EREF awards two research grants

The Board of Directors of the Environmental Research and Education Foundation (EREF), Raleigh, North Carolina, has awarded research grants to projects at North Carolina State University and Yale University.

North Carolina University was awarded $127,525 for its project “Development and Assessment of Cost-Effective Sustainable Integrated Organics Management Strategies.” This project will explore the fiscal and environmental costs and benefits associated with each solid waste management (SWM) process.

Jurisdictions representing more than 20 percent of the U.S. have considered or implemented policies that require some food waste diversion from landfills, and there is increasing interest in opportunities to manage organics in municipal solid waste (MSW), the researchers say.

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Given the interrelated nature of solid waste management systems, any new policies or strategies must be fully analyzed to ensure that overall solid waste system performance is not negatively affected. This is especially true considering how waste generation, composition, the energy system and policies are changing, the reasearchers add.

The Solid Waste Optimization Life-cycle Framework (SWOLF) is a life-cycle assessment (LCA) optimization tool developed for integrated analysis of SWM systems as part of a previous EREF grant. SWOLF consists of state-of-the-art life-cycle process models for solid waste collection, recycling, landfilling, composting, anaerobic digestion (AD), waste-to-energy (WTE) and gasification that will uniquely facilitate integrated analyses of organics diversion strategies.

SWOLF's optimization capability will be used to perform the first dynamic multistage optimized LCA to assess the most cost-effective ways to sustainably manage organics in consideration of changing waste generation, composition and policies through the following research objectives:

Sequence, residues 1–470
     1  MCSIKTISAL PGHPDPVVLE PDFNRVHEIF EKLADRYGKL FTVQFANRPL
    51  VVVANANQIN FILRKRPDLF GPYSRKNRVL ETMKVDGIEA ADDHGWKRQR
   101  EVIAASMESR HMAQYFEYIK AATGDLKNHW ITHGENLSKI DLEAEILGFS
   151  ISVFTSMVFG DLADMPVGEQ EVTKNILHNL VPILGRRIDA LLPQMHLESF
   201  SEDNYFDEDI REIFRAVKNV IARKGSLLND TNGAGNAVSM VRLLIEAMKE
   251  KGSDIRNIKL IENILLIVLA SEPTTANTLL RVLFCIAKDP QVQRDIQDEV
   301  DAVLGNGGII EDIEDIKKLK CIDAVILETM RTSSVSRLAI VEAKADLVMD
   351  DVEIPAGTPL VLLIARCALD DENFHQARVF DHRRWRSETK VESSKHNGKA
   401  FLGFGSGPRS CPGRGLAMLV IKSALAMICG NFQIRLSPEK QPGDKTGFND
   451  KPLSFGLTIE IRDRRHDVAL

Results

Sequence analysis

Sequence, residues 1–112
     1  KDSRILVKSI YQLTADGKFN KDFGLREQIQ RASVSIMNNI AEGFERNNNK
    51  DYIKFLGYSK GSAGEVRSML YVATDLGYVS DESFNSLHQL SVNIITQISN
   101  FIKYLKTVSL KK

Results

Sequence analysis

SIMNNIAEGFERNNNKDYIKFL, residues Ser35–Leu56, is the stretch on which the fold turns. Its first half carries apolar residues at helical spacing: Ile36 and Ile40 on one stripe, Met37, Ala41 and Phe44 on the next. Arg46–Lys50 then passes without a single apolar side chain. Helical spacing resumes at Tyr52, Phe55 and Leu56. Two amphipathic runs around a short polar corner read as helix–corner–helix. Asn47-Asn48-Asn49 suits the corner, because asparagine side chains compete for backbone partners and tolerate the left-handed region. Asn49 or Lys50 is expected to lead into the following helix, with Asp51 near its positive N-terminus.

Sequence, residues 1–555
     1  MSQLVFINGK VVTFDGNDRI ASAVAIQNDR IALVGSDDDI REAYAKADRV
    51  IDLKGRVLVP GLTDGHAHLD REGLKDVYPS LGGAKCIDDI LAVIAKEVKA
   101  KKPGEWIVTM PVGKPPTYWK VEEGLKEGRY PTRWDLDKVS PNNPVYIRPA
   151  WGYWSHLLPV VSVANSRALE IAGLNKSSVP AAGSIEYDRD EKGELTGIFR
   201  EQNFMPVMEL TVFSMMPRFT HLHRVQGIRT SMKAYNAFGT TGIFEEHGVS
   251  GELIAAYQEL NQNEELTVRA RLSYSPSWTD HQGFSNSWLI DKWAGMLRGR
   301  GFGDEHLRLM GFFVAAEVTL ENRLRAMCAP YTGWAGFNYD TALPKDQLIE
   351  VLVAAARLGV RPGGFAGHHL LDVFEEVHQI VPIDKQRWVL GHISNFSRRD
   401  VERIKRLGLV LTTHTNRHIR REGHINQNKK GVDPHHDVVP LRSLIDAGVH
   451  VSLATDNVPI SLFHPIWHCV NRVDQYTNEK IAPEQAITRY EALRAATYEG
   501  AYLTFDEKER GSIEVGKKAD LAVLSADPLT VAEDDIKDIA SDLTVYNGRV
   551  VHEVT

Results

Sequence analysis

• develop projections for MSW generation and composition for next 30 years;
  • develop projections of fuel and electricity costs and emissions under various GHG policy, renewable energy policy and fuel price scenarios for next 30 years;
  • finalize system-specific life-cycle process-models; and
  • use projections and process models in SWOLF to analyze the cost and environmental impacts associated with organics management strategies and policies.

The anticipated date of completion is August of 2017. More information on SWOLF is available at

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Yale University was awarded $150,000 for its project, “Making up for Lost Time (and Space): Quantifying Non-hazardous Industrial Waste Output and Beneficial Use Opportunities in the U.S.”

This project will generate current information regarding the utilization of nonhazardous industrial waste. Using nonhazardous industrial wastes (NHIW) as substitutes for virgin raw materials has the potential to provide environmental and economic benefits throughout the economy, researchers say. Evaluating the nationwide potential of this sustainable waste management strategy requires an assessment of the NHIW generation rate, the most recent of which dates to the mid-1980s, according to the researchers.

The proposed project will make up for lost time by filling this three-decade-old data gap. In so doing, the project team will strengthen the path for the waste management industry to be a key facilitator of and participant in large-scale reuse and recycling of NHIW. Key research objectives are:

  • to yield robust, up-to-date estimates of quantities and physiochemical properties of NHIW based on a sector-by-sector analysis of 14 major manufacturing sectors in the U.S.;
  • to catalog demonstrated and newly identified material substitution and beneficial use pathways for high-tonnage NHIW categories within existing landfill footprints (as alternative cover and construction fill) and beyond; and
  • to codify methods for regular revision and update of NHIW estimates based on indirect data (other than directly-reported data on NHIW generation).

This project is expected to take nearly two years to complete.